California faces another drought as 2009 approaches, and the state’s top water officials say they’re doing what they can to prevent water shortages. But projections show that 2009 could look like the early, parched 1990s — or even worse.
Nine counties have already requested emergency drought assistance, including Sacramento, San Joaquin, Stanislaus, Merced, Madera, Fresno, Kings, Tulare and Kern.
Wendy Martin, statewide drought coordinator for the state Department of Water Resources (DWR), said the state has informed contractors they will only receive 15 percent of their normal allocation.
As of Sept. 1, the drought has cost farmers of the Central Valley $260 million, a figure that doesn’t factor in the amount for crops that won’t be harvested this fall. Many farmers are being forced to make difficult choices, including abandoning harvesting some crops this year altogether.
Many nut crops, especially almonds and walnuts, are being abandoned. These crops are being hit worse than crops toward the north of the state because they are down-stream from the Delta.
“The North is okay,” Martin said. “The South is more dependent on imported water… It has a cascading effect.”
Some farmers are also selling off livestock they can no longer afford to take care of. The Department of Food and Agriculture says the number of California cattle dropped by 6 percent from January 2007 to January 2008. More declines are expected in January 2009.
While farmers are getting used to the idea that they will not be able to have all the water usage that they prefer, many consumers are still blind to the problem.
University of California economist David Zetland compared the situation to the rise and fall of gas prices, and said that price of water should be raised.
“When gas prices hit $4 a gallon, people were more careful with their usage,” Zetland said. “Let’s avoid rationing.”
Zetland said the next step after raising prices of water usage would be increasing a block-rate by around 40 percent in utilities.
How water is managed is also becoming a local issue. For instance, the largest water district in the East Bay has taken local control over how consumers mange their water usage. As of September and October, customers billing rates have been raised by 10 percent. Surcharges of 15 percent have been added to bills belonging to customers’ who have no intention to cut back on water usage.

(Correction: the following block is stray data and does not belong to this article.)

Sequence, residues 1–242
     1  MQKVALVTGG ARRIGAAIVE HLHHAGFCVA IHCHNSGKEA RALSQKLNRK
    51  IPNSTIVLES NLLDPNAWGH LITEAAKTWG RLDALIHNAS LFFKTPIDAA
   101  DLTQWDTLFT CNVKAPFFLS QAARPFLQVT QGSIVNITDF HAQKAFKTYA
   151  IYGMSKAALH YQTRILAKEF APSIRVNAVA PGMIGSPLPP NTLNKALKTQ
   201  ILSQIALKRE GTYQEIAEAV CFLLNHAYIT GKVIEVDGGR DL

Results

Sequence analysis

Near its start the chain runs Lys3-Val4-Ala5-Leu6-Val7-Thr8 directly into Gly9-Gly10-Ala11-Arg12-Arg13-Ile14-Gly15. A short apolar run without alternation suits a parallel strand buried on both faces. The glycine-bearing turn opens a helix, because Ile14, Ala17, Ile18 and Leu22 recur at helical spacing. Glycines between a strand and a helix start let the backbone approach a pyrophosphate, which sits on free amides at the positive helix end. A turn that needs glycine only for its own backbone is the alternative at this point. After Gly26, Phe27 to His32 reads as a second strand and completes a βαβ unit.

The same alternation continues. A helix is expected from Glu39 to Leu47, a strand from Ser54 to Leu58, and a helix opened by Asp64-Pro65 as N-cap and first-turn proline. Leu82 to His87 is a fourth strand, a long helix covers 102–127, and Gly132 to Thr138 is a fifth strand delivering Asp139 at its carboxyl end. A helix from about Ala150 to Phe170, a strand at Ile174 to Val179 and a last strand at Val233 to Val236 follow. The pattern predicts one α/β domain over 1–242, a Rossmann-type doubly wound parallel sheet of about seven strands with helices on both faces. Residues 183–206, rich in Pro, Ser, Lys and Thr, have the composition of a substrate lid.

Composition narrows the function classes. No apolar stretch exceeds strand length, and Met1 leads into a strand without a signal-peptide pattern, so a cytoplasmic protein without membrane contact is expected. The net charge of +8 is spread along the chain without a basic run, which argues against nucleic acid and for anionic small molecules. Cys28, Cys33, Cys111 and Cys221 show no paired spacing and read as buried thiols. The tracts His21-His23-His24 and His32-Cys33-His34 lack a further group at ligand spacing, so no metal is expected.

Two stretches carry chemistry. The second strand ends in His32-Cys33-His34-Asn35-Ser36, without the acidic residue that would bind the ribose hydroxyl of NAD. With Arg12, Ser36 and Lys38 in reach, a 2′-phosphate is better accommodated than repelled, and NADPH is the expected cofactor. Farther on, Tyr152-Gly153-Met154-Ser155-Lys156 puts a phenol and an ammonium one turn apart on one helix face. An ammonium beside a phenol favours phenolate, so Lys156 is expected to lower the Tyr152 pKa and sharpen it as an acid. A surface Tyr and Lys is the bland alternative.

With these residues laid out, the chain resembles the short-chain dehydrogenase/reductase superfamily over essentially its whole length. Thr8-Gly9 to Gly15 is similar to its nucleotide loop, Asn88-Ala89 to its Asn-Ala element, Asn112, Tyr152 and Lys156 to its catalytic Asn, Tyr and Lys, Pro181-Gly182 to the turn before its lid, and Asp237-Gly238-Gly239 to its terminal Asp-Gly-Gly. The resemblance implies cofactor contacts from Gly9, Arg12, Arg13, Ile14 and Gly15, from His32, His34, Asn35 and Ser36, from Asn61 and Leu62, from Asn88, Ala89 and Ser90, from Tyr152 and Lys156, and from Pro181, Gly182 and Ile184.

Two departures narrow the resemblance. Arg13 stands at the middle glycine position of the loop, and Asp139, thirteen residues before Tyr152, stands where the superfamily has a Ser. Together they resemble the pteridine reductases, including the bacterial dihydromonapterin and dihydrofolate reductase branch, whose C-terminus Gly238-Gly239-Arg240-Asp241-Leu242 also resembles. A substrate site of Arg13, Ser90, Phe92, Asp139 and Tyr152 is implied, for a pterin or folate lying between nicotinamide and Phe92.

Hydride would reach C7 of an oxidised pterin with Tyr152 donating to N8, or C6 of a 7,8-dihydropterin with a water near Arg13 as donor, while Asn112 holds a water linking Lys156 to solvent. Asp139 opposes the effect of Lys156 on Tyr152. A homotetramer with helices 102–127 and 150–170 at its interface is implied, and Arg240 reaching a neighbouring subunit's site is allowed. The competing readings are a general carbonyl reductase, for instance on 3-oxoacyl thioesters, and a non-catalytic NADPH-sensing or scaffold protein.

Global warming might be partially to blame for the dry conditions.
A study released last week by a pair of researchers at the University of California Berkeley Department of Agricultural and Resources Economics predicted that climate change could end up costing California $300 million to $3.9 billion a year. The Sierra snowpack, an important and free source of water storage in the state, could decline by 30 percent to 80 percent by late century. The loss of water resources could end up costing the state $5 billion, according to researchers Fredrich Kahrl and David Roland-Holst.
But California droughts are not anything new.
“We are experiencing more dramatic storms instead of consistent rain,” said Martin. “But no, I do not think that global warming itself is the cause.”
Zetland and others have argued that farmers are contributing to the drought by the unregulated use of well water. Farmers are allowed to take as much ground water as they want.
“There is no monitoring of ground water,” Zetland said “More monitoring is what we need.”
Zetland went on to say that water managers are “creating” the next shortage.
“What are water managers doing? They’re telling people that they’d better use less — or face rationing,” he said. “So, business as usual. Too bad, because that won’t work… It is the engineers and the DWR that screwed up.”
“I wish we were that clever,” Martin said.